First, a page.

It’s a debate that rages on: is the novella a genre with distinct characteristics or simply an idiosyncratic, underutilized length? Is it a short story grown too big for its britches, or a novel run out of steam? Or is it a form whose time – in this impatient age – has finally arrived?
Having dubbed itself “the home of the novella,” Quattro Books presumably believes the latter to be true. And given that the novella is more common outside North America, it’s perhaps appropriate that Quattro’s self-proclaimed mandate is to provide an “inclusive” venue for both immigrant and Canadian-born writers.
Of the three Quattro titles under consideration here, John Calabro’s The Cousin is the best written and the most successful at exploiting the form.
After a 30-year absence, Sal, a Toronto banker with antisocial tendencies, has arrived in his native Sicily for a vacation with his wife. Sal is deeply ambivalent about the trip, and the prospect of staying with his relatives fills him with dread.
Age turns out not to have mellowed Sal’s foul uncle, who takes swipes at his son Charlie with both his acid tongue and his cane. Memories of Sal’s unhappy childhood flood back and so do other unwanted recollections, in particular his uncle’s rough seduction of his mother and her obvious lack of resistance.
Kept awake with these thoughts, Sal is entirely unprepared when he encounters Charlie in the washroom at night, convincingly cross-dressed as an attractive woman. Repulsed and intrigued, he allows himself to be spirited away to a gay bar on the back of Charlie’s Vespa despite declarations of his unwavering heterosexuality.
Drunk and high on unknown pills, Sal winds up in an encounter with a black transsexual prostitute, whereupon the story descends into Burroughs-esque surrealism as Sal is sucked into the prostitute’s entrails after attempting to disembowel her with a knife. It’s a bold, grotesque metaphor that works to a degree, but Calabro does such a competent job of establishing the plausibility of Sal’s situation that it’s hard not to crave a more earthbound account of his continued journey of self-revelation.
Sal’s problems originate in his past, but the protagonist of Egidio Coccimiglio’s A Pleasant Vertigo is focused squarely on his immediate future. Gerard Gordon, a painter caught up in the superficial fervour of the New York art scene, is struggling to get noticed after witnessing countless peers become overnight sensations. And Gerard has the golden ticket that can make it happen: an invitation to the prestigious Venice Biennale. But with the deadline looming, he still hasn’t found the thing that will “shock the art world.” He is also caught between the entreaties of two mercenary agents: the pompous Hans von Trapp and the unscrupulous Jeffrey Baumbach, both of whom are desperate for the attention of Walt Rainer, a billionaire art investor from the American South with a penchant for frog hunting and beautiful women.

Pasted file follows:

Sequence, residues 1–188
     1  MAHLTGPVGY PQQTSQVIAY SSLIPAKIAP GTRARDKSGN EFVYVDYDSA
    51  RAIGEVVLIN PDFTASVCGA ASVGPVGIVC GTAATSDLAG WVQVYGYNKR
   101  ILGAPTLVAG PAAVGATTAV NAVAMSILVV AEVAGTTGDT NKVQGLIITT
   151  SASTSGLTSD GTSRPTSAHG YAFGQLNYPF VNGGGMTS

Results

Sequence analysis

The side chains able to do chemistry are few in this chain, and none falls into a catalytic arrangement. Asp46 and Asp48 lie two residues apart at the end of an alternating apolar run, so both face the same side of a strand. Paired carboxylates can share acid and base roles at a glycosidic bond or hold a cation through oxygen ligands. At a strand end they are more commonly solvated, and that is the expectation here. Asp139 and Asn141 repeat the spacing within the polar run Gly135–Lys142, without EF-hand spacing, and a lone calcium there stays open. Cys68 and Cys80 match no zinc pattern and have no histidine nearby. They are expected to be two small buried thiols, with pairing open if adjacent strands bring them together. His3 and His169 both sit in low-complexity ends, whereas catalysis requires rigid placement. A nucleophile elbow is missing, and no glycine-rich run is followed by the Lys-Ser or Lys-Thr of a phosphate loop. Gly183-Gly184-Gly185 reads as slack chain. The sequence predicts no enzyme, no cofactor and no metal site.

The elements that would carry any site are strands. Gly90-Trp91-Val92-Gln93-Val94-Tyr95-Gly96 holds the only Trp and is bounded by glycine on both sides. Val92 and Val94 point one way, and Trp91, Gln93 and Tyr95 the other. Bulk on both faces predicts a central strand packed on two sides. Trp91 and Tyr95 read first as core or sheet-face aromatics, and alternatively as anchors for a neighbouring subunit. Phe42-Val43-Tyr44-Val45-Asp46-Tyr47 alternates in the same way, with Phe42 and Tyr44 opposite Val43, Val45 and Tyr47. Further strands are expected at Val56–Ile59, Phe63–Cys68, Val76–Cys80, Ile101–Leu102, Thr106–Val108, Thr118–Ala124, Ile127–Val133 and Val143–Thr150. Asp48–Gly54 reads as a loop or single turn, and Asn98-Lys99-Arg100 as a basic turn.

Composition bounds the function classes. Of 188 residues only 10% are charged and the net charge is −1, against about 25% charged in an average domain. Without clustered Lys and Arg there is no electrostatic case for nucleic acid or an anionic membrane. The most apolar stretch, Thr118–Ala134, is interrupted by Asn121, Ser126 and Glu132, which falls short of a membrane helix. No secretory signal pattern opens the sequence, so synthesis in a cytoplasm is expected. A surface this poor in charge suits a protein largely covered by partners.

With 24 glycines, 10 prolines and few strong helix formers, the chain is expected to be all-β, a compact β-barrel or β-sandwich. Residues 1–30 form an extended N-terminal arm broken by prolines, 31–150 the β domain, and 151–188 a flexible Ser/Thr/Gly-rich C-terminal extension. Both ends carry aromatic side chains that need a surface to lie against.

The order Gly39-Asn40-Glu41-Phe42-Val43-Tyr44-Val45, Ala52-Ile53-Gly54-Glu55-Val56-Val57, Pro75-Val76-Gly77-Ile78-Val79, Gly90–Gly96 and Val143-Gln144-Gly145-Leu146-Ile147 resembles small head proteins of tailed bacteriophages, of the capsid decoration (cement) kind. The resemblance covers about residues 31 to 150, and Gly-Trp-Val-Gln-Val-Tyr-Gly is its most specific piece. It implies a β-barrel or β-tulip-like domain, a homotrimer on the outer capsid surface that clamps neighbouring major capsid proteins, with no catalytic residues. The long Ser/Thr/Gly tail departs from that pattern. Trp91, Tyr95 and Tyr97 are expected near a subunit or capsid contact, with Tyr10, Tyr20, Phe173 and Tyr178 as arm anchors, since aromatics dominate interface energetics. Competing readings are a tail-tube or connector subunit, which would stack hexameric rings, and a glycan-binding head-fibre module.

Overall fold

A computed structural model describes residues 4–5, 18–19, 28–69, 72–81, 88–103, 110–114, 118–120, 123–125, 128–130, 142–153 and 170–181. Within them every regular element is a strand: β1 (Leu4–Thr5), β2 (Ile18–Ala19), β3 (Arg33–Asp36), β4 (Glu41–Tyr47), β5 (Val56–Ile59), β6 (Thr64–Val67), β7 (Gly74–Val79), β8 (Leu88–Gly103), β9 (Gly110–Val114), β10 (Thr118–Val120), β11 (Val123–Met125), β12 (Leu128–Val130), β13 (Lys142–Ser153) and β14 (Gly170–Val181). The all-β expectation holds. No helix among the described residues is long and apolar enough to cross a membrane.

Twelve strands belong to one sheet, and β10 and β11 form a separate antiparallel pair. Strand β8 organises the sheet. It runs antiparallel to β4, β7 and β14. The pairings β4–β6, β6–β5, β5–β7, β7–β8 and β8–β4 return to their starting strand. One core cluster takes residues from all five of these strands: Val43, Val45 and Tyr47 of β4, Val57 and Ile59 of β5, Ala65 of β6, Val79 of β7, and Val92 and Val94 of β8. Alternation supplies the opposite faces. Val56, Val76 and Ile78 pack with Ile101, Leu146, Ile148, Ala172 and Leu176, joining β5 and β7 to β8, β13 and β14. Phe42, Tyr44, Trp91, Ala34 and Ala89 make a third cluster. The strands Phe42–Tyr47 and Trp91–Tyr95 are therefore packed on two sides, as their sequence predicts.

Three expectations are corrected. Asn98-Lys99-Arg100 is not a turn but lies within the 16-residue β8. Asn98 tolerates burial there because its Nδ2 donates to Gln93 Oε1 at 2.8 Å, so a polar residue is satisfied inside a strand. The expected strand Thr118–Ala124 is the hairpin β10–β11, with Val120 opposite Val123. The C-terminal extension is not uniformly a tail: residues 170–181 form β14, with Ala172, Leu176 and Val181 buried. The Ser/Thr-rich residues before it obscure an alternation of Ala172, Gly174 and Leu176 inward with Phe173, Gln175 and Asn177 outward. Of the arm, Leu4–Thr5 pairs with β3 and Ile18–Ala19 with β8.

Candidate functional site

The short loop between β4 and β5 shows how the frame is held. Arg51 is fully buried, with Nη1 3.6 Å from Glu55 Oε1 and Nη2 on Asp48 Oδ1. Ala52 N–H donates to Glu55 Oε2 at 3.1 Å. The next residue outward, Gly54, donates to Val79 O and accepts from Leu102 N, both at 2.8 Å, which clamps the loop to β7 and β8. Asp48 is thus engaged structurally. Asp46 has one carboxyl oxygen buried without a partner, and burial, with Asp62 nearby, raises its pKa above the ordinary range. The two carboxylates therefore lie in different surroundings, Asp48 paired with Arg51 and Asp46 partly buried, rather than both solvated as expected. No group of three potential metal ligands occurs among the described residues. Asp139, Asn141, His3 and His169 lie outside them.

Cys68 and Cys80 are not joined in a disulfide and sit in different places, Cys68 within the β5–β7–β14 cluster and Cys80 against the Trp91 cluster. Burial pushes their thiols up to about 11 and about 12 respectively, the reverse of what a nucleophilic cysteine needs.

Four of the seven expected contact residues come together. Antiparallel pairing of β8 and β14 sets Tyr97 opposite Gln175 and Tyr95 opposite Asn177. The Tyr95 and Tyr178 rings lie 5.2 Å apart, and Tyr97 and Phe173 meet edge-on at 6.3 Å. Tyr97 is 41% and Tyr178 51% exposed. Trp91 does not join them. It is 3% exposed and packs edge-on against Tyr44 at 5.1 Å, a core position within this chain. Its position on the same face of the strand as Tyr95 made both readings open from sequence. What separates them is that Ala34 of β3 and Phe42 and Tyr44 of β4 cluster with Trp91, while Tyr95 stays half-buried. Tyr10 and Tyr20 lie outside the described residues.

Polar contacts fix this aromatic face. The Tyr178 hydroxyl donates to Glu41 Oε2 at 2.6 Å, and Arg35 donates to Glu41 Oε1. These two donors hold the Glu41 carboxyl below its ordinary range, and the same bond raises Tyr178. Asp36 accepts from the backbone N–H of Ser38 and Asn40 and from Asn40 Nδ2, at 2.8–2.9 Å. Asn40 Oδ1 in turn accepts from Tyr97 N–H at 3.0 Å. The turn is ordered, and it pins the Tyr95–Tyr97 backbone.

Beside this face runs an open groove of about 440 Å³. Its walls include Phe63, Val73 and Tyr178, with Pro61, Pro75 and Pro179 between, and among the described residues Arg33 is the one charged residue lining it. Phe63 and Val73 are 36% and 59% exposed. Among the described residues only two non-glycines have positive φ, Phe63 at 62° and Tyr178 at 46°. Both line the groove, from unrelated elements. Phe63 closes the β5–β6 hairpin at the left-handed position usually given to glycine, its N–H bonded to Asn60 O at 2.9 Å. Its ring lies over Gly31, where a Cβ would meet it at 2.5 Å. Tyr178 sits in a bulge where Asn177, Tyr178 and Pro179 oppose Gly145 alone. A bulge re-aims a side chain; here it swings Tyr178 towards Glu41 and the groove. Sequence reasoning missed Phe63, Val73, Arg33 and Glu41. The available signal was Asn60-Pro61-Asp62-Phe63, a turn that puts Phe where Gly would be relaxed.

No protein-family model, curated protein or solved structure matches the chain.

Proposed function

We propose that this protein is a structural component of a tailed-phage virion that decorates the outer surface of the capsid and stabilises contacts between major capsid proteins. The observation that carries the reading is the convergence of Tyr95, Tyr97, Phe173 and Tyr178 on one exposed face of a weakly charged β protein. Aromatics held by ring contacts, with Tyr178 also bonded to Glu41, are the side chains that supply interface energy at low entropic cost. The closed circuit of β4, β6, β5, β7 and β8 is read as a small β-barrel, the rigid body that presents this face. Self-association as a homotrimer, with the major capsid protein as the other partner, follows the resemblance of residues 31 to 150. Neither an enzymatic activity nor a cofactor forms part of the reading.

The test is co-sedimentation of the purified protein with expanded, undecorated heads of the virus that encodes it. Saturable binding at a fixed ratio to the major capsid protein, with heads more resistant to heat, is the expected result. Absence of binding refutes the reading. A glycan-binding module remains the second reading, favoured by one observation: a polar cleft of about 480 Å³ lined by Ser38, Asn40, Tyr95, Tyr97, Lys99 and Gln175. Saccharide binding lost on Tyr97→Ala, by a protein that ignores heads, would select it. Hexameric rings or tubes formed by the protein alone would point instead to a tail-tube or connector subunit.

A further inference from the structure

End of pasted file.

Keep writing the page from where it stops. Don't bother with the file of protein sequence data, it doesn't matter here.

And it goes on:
When the opportunity presents itself to get in with Rainer, however, Gerard squanders it by getting caught in flagrante delicto with Rainer’s trophy wife, discovering along the way that he has been the victim of a scam by his erstwhile agents. He now sees Venice in a new light: as a chance to give both scoundrels their comeuppance.
The recent feeding-frenzy in contemporary art, with its monstrous price tags and fickle players, is surely a subject ripe for caricature and satire, but too often A Pleasant Vertigo comes off as cartoonishly madcap. It’s not always clear whether Coccimiglio is trying to be funny, ironic, or just campy. The book invests heavily in its pie-in-the-face conclusion, but the expected cleverness never transpires, and the ending falls flat.
Binnie Brennan’s Harbour View, about the staff and residents of a Halifax nursing home, eschews plot for a series of mostly inward reflections by its various characters. Everyone here is lost in a wistful daydream – reveries broken only by the rattling of laundry carts or intrusive knocks on doors.
Brennan’s purpose appears to be to point out that the elderly once led lives as rich, if not richer, than our own. But too often her characters’ “revelations” come off as anticlimactic or merely prudish. Violet once posed nude for a painting when she was a student and makes the bold decision to reveal this to her niece; Dahlia was a lesbian – her “husband” Ronnie is really Veronica; Muriel’s husband is a drunk (but she wishes he wasn’t).
The hardest to take is Estelle, the black nurse who works with tireless, quiet dedication despite lingering prejudices. But by night, unbeknownst to her long-time colleagues, her passion is unleashed as a sequin-studded blues siren, the star of a local club. By presenting Estelle’s talent as greater for being kept secret, Brennan condescends to us and ultimately plays to stereotype. What kind of spurious martyrdom requires all of someone’s smiles to be “inward” ones? Why not tell your friends to come out to such a barn-burner of a show?
So what can we glean about the state of the Canadian novella from these samples? That a good book needs focus, polish, and structure – regardless of its length.